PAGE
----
Have you considered pursuing the matter through ebay as well? I'm sure it's against their auction rules, and maybe you can prevent future people from dealing with this unethical dude.
posted by Bella Sebastian at 7:36 PM on November 6, 2007


dont forget to post the details!
posted by prophetsearcher at 1:31 AM on November 7, 2007


> Thanks, WCityMike. For $9.95 US Search got me his current address. I took a cab out there and saw the car, in perfect condition, just as I expected.

Glad to hear my suggestion helped you crack the case!
posted by WCityMike at 8:22 AM on November 7, 2007


Waiting with bated breath!
posted by Four Flavors at 4:38 PM on November 7, 2007


Okay, sorry I’m later than expected with this. Yesterday was a long day.

The car in question is a Scion xB. For purposes of this story, let’s say the seller’s name was Kevin.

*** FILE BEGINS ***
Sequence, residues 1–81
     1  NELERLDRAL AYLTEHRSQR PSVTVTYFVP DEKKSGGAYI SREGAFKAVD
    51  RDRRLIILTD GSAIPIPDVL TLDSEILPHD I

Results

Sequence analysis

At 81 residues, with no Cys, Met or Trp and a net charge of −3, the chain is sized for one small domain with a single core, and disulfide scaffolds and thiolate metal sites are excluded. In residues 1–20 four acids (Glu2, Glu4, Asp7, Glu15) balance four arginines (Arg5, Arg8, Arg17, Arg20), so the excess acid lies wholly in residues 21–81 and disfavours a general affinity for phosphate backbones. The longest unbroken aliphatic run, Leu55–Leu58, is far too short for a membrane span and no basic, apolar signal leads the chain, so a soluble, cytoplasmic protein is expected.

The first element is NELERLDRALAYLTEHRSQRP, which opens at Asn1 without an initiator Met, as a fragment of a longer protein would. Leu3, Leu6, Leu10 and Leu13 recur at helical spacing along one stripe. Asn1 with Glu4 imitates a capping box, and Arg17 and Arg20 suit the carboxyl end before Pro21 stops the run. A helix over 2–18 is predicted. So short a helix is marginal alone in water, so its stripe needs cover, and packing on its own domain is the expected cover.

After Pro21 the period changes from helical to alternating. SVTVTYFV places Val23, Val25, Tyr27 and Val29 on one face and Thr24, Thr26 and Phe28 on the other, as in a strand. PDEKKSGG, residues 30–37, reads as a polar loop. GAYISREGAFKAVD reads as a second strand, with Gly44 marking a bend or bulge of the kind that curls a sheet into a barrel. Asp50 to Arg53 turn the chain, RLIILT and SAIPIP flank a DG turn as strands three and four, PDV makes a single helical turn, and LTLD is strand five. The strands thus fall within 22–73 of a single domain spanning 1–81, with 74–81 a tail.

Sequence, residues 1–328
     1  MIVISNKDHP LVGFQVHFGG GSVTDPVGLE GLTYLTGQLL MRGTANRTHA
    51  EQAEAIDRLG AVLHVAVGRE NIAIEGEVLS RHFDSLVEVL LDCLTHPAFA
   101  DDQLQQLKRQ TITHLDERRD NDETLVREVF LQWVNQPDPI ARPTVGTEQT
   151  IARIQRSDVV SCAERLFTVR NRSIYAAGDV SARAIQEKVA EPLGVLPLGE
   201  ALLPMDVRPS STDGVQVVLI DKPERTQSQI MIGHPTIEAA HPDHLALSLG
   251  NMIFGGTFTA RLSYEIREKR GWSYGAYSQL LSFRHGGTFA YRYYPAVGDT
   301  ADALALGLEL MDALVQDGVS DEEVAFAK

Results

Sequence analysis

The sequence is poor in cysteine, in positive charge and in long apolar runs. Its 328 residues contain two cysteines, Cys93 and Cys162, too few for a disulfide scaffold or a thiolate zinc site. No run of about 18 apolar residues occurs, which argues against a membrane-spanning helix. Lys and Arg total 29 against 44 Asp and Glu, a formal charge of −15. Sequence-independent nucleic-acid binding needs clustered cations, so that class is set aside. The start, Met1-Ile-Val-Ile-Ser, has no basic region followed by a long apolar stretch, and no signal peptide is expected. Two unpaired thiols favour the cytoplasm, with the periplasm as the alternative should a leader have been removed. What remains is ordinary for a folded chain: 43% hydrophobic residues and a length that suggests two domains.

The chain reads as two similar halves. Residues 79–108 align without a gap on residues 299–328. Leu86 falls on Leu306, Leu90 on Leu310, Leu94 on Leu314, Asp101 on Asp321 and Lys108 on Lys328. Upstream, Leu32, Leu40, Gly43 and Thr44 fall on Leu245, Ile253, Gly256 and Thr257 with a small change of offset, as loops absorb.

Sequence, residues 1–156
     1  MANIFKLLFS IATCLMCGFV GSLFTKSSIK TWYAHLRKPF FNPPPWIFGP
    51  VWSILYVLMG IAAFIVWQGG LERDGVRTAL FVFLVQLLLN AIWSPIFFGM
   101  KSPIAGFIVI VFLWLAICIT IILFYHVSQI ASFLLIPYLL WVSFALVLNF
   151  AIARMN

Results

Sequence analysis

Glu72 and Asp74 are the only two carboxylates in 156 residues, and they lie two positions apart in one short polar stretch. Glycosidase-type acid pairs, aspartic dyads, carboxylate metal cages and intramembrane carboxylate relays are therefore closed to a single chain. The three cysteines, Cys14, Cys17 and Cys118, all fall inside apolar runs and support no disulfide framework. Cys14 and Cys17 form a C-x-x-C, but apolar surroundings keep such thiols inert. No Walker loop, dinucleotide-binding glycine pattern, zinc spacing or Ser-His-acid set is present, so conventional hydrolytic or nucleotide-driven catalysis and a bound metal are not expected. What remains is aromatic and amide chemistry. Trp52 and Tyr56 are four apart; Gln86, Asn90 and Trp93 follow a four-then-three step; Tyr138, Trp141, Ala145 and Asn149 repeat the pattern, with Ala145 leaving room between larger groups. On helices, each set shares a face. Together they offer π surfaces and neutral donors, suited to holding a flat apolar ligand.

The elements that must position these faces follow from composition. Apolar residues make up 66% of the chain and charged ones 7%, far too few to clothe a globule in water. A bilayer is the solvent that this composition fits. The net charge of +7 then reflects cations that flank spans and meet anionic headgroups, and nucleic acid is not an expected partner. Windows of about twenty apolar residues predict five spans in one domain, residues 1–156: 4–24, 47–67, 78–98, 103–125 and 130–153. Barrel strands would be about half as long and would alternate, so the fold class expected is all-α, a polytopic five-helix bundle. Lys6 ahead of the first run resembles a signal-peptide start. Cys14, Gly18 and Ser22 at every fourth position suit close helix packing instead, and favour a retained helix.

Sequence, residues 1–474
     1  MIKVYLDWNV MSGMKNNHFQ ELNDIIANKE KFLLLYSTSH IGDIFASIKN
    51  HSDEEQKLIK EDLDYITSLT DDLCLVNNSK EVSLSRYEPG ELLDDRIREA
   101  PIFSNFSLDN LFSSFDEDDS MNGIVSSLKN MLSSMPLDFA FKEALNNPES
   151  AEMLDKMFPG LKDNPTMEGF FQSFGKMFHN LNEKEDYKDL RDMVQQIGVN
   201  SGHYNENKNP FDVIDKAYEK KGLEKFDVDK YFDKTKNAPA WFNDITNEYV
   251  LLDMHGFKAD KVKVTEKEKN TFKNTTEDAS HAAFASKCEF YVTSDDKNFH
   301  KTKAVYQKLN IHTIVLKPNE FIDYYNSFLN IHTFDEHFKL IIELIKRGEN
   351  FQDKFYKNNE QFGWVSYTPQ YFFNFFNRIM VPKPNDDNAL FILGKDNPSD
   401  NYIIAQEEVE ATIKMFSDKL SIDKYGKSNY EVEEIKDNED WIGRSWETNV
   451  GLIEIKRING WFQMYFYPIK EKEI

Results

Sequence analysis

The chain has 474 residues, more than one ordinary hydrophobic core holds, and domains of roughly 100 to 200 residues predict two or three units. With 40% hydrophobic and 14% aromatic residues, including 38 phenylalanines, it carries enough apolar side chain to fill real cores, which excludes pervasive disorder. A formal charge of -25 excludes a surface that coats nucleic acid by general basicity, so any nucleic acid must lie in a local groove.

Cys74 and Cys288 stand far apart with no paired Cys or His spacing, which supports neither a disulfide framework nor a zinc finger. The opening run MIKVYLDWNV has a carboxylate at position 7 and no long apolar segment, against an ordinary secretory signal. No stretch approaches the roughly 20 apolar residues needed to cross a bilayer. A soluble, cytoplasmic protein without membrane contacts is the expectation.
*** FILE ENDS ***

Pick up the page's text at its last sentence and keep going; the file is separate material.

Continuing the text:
After it was suggested here, I used US Search to find an address for Kevin. There was one hit, and it looked like it was in about the right part of town. So the next morning I took a cab there while on my way to the airport. I figured I would at least look and see if there was a blue xB in front of the house. There wasn’t, so I just told the driver to keep going, but on the very next block there it was—the exact car, parked on the side of the road. It matched the description on eBay perfectly—even little things like scratches on the right front rim. And it was in excellent shape—there had never been a fender bender. I called for the driver to stop and I knocked on the door of the nearest house. An older woman answered. She hadn’t heard of Kevin, and she had never seen that car before. I realized then that he must have parked it away from his own house just in case I tracked him down, so he could keep up the story that it had been in a fender bender. I took pictures of it from every angle to document that it was the same car and in good condition. If I hadn’t traveled just the right route to find it, I would have just gone on to the airport and flown home. Instead, I went right back to Kevin’s house, only taking time to explain to the cab driver why I was behaving so oddly!